Ghanaian creatives to benefit from cultural revolution in Abu Dhabi’s Saadiyat Cultural District

Ghanaian creatives to benefit from cultural revolution in Abu Dhabi’s Saadiyat Cultural District

Ghanaian creatives – architects, artists, sculptors, graphic designers, playwrights, and musicians – are some of the best placed to benefit from the cultural revolution happening at the Saadiyat Cultural District (SCD) in Abu Dhabi, Chairman of the Department of Culture and Tourism Abu Dhabi, His Excellency Mohamed Khalifa Al Mubarak has said.

He stated that prior working relationships and the quality of work from Ghanaian innovators ensure they will become leading figures at the enclave, which seeks to be the global hub for fostering collaboration and empowering diverse talents, offering a perfect platform for a thriving artistic scene.

“We want to work closely with Ghanaian artists. Beyond visual artists and architects, there's a vast array of Ghanaian cultural content, including music, , and design,” he said in an exclusive interview with the B&FT, where he noted that a piece by celebrated sculptor, El Anatsui remains one of the most exciting at the Guggenheim Abu Dhabi Museum, which is within the SCD.

“Within our collection, we already have fantastic Ghanaian artists, such as El Anatsui. When we acquired his piece, it became one of my favourites, and it was acquired right here in Abu Dhabi during an art fair focused on African galleries and artists. This piece will be one of the highlights of the Guggenheim collection,” he explained.

Global hub for artistic expression

H.E. Al Mubarak stated that the SCD was the natural progression of the vision of the founding father of the United Arab Emirates, Sheikh Zayed bin Sultan Al Nahyan, who believed that “a country is not measured by the size of its area on the map. A country is truly measured by its heritage and culture.”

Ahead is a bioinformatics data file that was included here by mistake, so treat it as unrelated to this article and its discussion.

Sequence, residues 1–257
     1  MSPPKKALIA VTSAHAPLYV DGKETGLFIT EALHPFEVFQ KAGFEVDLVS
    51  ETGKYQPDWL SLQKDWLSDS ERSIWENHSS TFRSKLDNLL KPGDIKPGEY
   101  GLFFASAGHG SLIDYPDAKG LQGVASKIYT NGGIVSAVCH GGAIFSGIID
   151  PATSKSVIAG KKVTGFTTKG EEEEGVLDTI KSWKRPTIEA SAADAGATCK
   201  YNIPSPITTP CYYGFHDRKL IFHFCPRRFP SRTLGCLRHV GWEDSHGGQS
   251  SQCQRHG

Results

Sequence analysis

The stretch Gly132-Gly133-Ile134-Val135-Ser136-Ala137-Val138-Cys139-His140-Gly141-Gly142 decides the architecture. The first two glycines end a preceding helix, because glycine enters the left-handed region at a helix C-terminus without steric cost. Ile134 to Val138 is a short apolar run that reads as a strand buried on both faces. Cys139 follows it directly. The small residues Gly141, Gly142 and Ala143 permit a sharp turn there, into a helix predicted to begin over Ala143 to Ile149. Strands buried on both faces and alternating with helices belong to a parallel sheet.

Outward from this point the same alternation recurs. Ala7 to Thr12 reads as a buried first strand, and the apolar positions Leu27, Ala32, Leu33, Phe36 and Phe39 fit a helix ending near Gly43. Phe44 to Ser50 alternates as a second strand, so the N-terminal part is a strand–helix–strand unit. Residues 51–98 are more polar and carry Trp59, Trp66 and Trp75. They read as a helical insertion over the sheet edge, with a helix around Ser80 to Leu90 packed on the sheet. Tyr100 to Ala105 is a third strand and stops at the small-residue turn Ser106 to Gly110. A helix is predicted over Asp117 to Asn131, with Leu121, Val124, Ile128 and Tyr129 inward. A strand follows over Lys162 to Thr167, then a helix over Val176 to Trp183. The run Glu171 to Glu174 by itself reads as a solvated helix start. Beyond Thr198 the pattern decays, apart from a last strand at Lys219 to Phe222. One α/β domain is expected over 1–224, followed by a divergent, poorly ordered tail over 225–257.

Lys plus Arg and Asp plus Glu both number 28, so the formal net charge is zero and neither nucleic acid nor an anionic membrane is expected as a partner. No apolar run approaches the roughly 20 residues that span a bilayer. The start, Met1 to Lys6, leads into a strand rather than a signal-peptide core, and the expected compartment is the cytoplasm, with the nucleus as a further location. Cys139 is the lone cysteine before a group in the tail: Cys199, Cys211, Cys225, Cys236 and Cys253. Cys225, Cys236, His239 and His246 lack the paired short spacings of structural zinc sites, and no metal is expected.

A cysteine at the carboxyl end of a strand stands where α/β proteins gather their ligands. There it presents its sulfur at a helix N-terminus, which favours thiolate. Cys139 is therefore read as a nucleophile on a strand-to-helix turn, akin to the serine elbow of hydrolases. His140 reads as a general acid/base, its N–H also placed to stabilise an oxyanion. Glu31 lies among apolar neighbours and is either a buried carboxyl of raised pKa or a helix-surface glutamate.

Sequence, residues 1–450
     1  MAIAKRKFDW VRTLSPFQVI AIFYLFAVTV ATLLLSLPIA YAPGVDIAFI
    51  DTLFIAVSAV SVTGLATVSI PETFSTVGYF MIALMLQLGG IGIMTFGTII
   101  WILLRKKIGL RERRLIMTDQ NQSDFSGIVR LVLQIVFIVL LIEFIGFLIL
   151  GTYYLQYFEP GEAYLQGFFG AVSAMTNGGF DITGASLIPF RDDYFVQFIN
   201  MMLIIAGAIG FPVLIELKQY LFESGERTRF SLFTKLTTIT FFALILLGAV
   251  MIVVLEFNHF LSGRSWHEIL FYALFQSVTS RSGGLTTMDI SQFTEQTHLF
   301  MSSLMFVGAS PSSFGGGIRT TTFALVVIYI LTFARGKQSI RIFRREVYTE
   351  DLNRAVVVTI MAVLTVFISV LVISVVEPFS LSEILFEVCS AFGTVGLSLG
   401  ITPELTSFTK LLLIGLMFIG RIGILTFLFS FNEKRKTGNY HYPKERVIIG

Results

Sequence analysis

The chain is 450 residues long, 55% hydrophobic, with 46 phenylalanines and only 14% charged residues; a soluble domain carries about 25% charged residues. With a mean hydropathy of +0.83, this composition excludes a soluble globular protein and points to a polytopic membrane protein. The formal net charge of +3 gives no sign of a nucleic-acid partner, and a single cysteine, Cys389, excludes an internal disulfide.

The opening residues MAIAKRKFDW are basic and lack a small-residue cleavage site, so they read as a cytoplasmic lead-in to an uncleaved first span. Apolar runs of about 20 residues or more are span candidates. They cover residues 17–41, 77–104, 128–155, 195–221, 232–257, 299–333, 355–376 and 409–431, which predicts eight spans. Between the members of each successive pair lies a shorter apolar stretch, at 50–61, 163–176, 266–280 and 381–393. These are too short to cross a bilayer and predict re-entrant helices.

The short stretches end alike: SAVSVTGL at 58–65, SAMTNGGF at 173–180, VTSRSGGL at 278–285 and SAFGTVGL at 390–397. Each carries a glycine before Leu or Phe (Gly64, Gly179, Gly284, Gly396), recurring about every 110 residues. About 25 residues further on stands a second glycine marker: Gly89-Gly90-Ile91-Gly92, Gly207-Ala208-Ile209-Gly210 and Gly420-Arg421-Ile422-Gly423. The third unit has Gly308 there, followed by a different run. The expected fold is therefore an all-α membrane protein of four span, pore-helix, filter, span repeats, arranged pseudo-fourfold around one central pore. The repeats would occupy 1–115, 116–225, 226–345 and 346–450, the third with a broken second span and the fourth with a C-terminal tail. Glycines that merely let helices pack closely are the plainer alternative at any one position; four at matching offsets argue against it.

Within a 10-minute walking radius, the SCD offers a diverse array of cultural and educational institutions. These institutions are interconnected through their curatorial intent, serving as centres of research, development, and connectivity.

The enclave is home to the classical museum and home to the famed Mona Lisa, the Louvre Abu Dhabi; the contemporary art museum, the Guggenheim Abu Dhabi; the Zayed National Museum, which chronicles the history of the Emirates and the Natural History Museum, home to the fossil of a Stegosaurus, which is estimated to be over 100 million years old.

Others are the interfaith Abrahamic Family House; the music-focused Berklee Abu Dhabi; Teamlab Phenomena Abu Dhabi and the Manarat al Saadiyat, at the centre of it all.

The Chairman further explained that a key aim of the SCD is the elimination of prejudice to promote social cohesion and intellectual growth.

“To understand the distinctiveness of SCD, consider the scale and scope of these institutions. They are colossal, yet they convey profoundly human messages that ground you in the broader context of humanity. When you visit these museums, you cannot help but feel part of something larger than yourself. This experience fosters a sense of unity and diminishes prejudices.

For example, imagine walking through the Louvre Abu Dhabi and encountering exhibits that celebrate diverse cultures and heritages. You see African art placed alongside European masterpieces, and ancient Asian artefacts displayed next to Middle Eastern treasures. This equal representation encourages visitors to appreciate and respect different backgrounds,” he said.

He further disclosed that the Department of Culture and Tourism will be providing financial aid in the form of subsidies and affordable studio spaces not just for local artists, adding that the Emirates has approximately 200 unique nationalities represented.

Highlighting Africa's rich heritage

As further evidence of its commitment to partnering with Ghanaian and other African acts, the major upcoming event at the Louvre Abu Dhabi will be the ‘Kings and Queens of Africa' exhibition at the beginning of 2025, co-curated with African museums.

This exhibition will explore the majestic history of African kingdoms, showcasing artefacts and installations that celebrate the continent's rich cultural legacy. “I am also thrilled to share some exciting news with you. At the Louvre, we host major exhibitions in our temporary exhibition space. In the past, we've had remarkable exhibitions, such as an impressionist exhibition and one of the three holy books from the Abrahamic faiths.

“The next major exhibition we are working on, in collaboration with African museums, is the “Kings and Queens of Africa.” I'm very excited about this because it will shed light on the rich history of African kingdoms, such as the Kingdoms of Benin [and Ashanti], through artefacts and art. This exhibition is set to be the signature event of 2025, and I believe it will be an extraordinary experience. I am looking forward to it already,” he said.

These and others are projected to increase tourism contribution to the Gross Domestic Product (GDP) of Abu Dhabi from five percent to at least 10 percent of its economy which is projected to hit US$415.7 billion by 2030.

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